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How Your Retirement May Impact Your Florida Alimony Obligation

retirementLife is full of many twists and turns, many of which can have financial consequences. When you experience a turn in your life that reduces your income, and you are under an existing court order to pay your ex-spouse alimony, that downturn in your income may result in an alimony payment that is too large. In some circumstances, you may be entitled to obtain a court order that lowers your alimony payments (or even ends them altogether). There is, however, a specific way that you must go about seeking this modification, so it is definitely worthwhile to have knowledgeable South Florida counsel on your side.

R.B. was a man in such a position of change. In 2015, he was close to retirement. 10 years earlier, he and his wife, B.B., had divorced. In the couple’s 2005 marital settlement agreement, the husband agreed to pay the wife $5,500 per month in permanent alimony. The agreement said nothing about either’s spouse’s future retirement.

R.B. sought a reduction of his alimony. The trial court ruled in favor of B.B. The court of appeal, however, concluded that the trial court had made an “error of law.” The law allows courts to consider “a reasonable retirement as part of the total circumstances in determining if sufficient changed circumstances exist to warrant a modification of alimony.” A failure by a couple’s original divorce judgment or marital settlement agreement to address the parties’ future retirements does not change a trial judge’s ability to consider retirement in a request for reduction of alimony.

The law also, however, says that a court cannot grant a request for reduction of alimony if the change that the requesting spouse relied upon is something that was “contemplated and considered” by the judge (or the parties) when the original judgment (or agreement) was created.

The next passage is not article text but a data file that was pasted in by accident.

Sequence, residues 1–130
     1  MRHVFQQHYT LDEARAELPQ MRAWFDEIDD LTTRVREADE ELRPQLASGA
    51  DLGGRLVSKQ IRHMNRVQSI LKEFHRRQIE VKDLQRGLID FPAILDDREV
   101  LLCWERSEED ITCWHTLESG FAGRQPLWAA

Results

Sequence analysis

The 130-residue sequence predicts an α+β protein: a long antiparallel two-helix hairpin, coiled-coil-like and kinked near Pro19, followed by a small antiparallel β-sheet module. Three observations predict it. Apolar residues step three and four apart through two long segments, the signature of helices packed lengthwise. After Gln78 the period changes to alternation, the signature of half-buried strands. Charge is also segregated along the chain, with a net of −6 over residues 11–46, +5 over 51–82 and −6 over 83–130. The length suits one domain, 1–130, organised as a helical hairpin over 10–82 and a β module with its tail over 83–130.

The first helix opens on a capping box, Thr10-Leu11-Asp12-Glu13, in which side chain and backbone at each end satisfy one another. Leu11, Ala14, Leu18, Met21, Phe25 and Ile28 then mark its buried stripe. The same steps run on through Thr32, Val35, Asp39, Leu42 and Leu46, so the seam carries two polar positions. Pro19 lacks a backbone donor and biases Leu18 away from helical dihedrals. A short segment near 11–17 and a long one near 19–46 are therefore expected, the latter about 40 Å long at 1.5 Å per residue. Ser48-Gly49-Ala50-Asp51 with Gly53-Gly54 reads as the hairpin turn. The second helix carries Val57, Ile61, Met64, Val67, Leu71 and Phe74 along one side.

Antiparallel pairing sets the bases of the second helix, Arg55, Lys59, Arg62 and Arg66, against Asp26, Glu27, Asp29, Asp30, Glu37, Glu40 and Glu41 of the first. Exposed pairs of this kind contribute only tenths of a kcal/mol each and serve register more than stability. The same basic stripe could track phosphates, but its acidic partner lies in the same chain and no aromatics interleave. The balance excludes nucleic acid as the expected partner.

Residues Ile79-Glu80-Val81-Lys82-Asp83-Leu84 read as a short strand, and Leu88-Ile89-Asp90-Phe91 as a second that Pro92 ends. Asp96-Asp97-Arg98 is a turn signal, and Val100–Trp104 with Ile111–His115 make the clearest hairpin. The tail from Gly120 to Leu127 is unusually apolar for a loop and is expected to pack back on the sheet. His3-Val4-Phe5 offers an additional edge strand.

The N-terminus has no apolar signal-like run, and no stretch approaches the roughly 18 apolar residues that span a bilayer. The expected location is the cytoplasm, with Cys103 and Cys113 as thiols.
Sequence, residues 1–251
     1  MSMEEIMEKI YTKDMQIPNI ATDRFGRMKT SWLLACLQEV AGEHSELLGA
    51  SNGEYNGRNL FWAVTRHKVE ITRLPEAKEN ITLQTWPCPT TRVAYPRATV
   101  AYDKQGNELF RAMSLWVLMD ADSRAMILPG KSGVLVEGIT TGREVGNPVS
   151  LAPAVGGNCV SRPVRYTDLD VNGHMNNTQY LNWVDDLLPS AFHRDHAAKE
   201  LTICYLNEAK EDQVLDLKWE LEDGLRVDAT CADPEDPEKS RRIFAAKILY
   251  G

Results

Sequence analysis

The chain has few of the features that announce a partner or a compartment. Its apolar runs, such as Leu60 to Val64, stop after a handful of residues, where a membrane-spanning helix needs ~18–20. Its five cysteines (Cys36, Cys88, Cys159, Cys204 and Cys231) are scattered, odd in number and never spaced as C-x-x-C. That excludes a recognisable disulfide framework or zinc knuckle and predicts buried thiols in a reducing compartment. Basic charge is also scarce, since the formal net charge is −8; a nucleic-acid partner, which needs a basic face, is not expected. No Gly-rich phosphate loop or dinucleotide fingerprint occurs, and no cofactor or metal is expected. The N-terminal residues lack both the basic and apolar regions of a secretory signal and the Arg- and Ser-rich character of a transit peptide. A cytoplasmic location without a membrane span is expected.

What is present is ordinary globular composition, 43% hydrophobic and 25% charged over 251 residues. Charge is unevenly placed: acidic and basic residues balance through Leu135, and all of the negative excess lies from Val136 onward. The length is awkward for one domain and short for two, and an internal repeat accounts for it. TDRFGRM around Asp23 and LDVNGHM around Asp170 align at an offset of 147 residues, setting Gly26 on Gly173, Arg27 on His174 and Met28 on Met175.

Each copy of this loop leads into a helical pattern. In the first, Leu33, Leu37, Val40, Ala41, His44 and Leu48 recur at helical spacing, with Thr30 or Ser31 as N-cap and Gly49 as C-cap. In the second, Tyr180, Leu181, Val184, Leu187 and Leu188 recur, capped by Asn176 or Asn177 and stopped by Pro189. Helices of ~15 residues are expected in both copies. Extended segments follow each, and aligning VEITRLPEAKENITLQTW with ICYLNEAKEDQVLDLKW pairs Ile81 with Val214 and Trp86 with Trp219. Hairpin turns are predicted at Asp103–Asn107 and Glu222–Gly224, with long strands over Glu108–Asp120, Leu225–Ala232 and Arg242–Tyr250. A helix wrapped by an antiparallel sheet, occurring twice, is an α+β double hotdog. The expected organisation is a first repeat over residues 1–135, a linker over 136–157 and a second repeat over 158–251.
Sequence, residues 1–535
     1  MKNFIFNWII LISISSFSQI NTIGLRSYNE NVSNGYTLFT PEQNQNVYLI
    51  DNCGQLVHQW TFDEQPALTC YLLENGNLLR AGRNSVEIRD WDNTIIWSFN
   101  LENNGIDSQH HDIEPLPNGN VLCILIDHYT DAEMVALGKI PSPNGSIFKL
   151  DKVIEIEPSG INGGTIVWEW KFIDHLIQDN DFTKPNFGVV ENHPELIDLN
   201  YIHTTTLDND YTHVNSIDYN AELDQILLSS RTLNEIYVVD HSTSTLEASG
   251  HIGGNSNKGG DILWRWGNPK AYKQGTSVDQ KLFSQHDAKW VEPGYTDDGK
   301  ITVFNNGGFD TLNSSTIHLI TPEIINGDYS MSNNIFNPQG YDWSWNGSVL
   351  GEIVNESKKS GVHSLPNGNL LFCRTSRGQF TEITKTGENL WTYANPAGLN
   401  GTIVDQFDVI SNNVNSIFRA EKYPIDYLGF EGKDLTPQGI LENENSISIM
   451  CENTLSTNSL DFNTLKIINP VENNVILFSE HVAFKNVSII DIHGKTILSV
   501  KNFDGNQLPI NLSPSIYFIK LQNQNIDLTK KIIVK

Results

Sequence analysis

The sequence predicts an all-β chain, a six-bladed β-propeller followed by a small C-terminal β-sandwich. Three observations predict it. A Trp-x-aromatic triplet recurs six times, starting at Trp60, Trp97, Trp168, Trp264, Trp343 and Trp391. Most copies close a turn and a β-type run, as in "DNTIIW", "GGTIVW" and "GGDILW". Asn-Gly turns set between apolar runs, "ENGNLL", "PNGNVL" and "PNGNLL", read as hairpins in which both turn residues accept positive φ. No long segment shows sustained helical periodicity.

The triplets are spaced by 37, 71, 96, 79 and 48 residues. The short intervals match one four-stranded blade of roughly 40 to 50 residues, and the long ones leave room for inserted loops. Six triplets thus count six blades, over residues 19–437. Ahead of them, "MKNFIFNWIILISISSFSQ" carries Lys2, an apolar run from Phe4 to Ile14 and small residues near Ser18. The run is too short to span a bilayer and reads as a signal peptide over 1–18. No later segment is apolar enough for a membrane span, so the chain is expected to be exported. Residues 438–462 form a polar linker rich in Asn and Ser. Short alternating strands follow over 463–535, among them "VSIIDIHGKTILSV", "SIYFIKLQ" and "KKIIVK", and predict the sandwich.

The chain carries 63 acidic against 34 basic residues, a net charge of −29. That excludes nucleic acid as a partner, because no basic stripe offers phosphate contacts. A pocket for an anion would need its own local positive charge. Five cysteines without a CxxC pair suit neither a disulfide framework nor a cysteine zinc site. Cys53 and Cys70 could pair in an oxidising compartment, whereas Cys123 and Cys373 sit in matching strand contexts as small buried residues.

So, the key to this case was basically this: does your retirement a decade after you and your ex-spouse established a marital settlement agreement count as an event that you contemplated and considered in the creation of that agreement? The appeals court’s ruling in this case was that it did not. The court specifically distinguished between events that were anticipated by/foreseeable to the parties and events that were contemplated and considered by the parties. Obviously, a spouse who is divorcing when he is in his 50s may anticipate retirement in the future, but anticipation is not the correct legal analysis. Florida law focuses “not on what the parties should have anticipated but on what was actually considered in the property settlement agreement” a decade or more before the requesting spouse sought reduction of his alimony obligation.

In order for the trial judge not to consider the husband’s request, the wife had to offer proof that the spouses actually considered the husband’s retirement in making the settlement agreement. Because there was no such evidence in R.B.’s case, he was entitled to pursue his request for reduction of alimony.

Whether you are contesting an issue of alimony, property division or some other divorce issue, Miami family law attorney Sara Saba is here to help. Attorney Saba has been providing useful advice and effective advocacy for her clients for more than 13 years. Our team is dedicated solely to meeting your family law needs. Contact us online or by calling (305) 450-8009 to schedule your consultation. Hablamos Español.

More blog posts:

Ensuring that You Get the Benefit of the Agreement for Which You Bargained in Your Florida Prenuptial Agreement, Miami Divorce Lawyer Blog, July 1, 2018

The Importance of Strong Legal Counsel in Your Florida Divorce Case, Especially When There’s a Possible Language Issue, Miami Divorce Lawyer Blog, June 22, 2018

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